Monday, June 15, 2015

Black Uhuru: The Dub Factor

It was probably Fall 1984, not long after this blogger saw Black Uhuru open a wondrous double bill with the phenomenal King Sunny Ade, when I bought this album on vinyl.  From the first listen, the recording made a huge impression because it was the first of many excursions into the heart of dub, that amazing offshoot of reggae featuring a wide palette of processed sounds injected into the instrumental mix of a song, with occasional samples of the vocals by lead singer Michael Rose and backing vocalists Puma Jones and founder Duckie Simpson.
When reggae shifted gears into dancehall and other genres after the mid-80s, it was years before I went and bought a CD version of this album and all of the great memories of the sonic experience flooded back.  Recently, several albums of choice dub from the likes Augustus Pablo, King Tubby, Lee "Scratch" Perry and the Trojan Records label have rekindled that interest in the outer limits of reggae that dub embodies.

Black Uhuru's The Dub Factor is a reworking of tracks, largely from the great Chill Out album from 1982, which immediately preceded this dub masterpiece.  A few songs, principally "Youth" and "Puffed Out" from Red's "Youth of Eglington" and "Puff She Puff" come from other sources.  The 2003 remastered version adds three tracks, including takes on "Carbine" and "Journey", also from Red, a take on the title track from Chill Out called "Destination Unknown."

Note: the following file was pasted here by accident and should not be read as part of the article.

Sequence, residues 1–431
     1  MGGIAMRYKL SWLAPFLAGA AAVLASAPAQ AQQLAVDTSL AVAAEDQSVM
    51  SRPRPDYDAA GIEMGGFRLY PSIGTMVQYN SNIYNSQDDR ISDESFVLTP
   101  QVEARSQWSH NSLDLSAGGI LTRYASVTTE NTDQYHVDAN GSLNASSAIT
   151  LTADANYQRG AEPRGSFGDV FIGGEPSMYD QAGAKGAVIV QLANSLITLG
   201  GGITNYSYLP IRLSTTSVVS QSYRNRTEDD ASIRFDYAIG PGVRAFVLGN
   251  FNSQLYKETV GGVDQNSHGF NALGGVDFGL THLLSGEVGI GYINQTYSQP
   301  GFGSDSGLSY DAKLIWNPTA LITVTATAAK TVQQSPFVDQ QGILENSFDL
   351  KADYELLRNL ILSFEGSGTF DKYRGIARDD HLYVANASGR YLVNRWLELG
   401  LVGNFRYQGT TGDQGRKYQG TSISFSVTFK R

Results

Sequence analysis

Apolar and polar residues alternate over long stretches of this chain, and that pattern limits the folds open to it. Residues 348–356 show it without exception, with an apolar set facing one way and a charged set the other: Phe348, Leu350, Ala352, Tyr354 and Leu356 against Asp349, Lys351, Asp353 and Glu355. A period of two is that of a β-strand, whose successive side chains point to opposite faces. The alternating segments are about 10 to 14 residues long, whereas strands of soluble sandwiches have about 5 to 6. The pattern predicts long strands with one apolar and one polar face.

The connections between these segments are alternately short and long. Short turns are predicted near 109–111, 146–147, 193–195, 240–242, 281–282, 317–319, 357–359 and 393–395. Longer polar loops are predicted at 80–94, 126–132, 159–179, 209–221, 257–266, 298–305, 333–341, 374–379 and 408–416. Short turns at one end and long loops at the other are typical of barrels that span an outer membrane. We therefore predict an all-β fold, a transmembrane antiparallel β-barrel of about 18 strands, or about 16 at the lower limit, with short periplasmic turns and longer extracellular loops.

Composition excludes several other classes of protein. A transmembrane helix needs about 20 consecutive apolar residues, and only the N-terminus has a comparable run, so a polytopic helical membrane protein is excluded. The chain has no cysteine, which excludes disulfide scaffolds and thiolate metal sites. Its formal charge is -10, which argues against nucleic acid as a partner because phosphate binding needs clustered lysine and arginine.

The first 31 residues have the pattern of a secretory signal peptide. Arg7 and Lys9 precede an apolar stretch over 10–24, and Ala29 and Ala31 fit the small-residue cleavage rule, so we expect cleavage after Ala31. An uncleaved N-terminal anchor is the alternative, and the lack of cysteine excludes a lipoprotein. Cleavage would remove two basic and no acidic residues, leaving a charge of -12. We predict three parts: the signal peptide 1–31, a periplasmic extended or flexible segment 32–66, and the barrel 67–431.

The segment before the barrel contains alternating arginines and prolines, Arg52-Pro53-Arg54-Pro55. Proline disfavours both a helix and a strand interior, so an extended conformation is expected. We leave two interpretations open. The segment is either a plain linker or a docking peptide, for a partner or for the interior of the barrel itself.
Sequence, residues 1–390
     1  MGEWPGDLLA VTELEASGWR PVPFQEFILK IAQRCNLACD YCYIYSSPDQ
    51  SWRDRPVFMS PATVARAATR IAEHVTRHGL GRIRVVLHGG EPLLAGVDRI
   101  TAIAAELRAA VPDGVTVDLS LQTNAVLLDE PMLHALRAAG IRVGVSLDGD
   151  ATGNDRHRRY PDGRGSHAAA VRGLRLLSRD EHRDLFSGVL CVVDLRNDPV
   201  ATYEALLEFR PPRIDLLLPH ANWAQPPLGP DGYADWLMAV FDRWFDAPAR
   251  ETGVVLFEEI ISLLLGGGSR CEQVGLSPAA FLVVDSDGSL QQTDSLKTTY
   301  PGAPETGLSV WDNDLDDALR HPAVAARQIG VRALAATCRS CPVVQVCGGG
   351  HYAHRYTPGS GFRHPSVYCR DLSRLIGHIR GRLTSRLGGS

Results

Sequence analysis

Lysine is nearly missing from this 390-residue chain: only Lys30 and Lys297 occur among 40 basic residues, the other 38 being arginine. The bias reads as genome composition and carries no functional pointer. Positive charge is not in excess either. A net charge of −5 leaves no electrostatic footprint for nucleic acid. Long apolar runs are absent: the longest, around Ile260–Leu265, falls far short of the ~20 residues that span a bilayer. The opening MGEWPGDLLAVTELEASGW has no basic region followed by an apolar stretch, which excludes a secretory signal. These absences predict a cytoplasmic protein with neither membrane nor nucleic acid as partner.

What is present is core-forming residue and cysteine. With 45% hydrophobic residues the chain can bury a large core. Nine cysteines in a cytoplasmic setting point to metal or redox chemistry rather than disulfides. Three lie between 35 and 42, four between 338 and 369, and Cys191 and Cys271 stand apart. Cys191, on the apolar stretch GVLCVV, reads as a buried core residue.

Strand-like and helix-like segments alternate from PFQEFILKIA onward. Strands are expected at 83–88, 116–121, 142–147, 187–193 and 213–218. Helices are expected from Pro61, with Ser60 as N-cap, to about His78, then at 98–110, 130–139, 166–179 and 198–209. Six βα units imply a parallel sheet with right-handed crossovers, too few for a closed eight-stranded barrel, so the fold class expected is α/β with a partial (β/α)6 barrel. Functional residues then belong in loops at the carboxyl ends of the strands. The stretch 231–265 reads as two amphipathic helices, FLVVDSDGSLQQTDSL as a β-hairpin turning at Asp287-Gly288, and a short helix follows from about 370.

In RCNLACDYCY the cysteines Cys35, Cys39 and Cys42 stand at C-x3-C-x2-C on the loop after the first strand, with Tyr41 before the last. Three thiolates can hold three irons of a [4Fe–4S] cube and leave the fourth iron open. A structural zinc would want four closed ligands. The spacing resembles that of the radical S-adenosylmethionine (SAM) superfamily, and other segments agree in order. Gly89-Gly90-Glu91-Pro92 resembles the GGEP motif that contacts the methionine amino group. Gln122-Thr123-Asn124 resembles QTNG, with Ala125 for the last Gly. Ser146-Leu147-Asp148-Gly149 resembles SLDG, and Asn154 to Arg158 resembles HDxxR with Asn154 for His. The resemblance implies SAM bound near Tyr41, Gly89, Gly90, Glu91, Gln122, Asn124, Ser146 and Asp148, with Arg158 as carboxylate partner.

As great as the dubs are with the echo, reverb and other effects rendered to the instrumental backbone of these songs, as well as the disembodied vocal samples, the greatness of Black Uhuru, in addition to the excellent musicians and the preeminent Riddim Twins of Robbie Shakespeare (Basspeare) and Sly Dunbar (Drumbar), was the top-notch songwriting of Rose.  He wrote so many memorable songs for the band in that first half of the 80s, when classic reggae was gradually giving way to a digital movement and Black Uhuru reigned as the supreme band in the genre after the untimely demise of Bob Marley.

In addition to the production skills of Dunbar and Shakespeare, who embraced the technological movement to electronics through syndrums and other devices, this album is testament to the skill of Paul "Groucho" Smykle, an Island Records producer, who remixed the record.  Even though The Dub Factor has a crystalline sound benefiting from the latest in studio wizardry, the album delves deeply into the dub aesthetic, combining the studio sheen with a sense of audio adventure.

Following this recording, Black Uhuru issued one more album, 1985's Anthem, which won the first Grammy for a reggae album.  Yet, there was a lack of passion, energy and urgency to that ultra-sleek sounding record that was a precursor to Rose leaving the group.  Though there were several versions of the band over the years, Black Uhuru never again approached anywhere near the heights of its early 80s heyday.  Rose was away from the scene for a time and then returned with dancehall-infused solo albums that sold decently, but were a far cry from his peak as a socially-conscious crusader.  For a brief period a decade ago, Rose rejoined Black Uhuru, but it was a very brief reunion.

It's hard to believe that it has been over 30 years since that record was first heard by this blogger, but its qualities as a landmark in reggae and dub are as obvious as ever.

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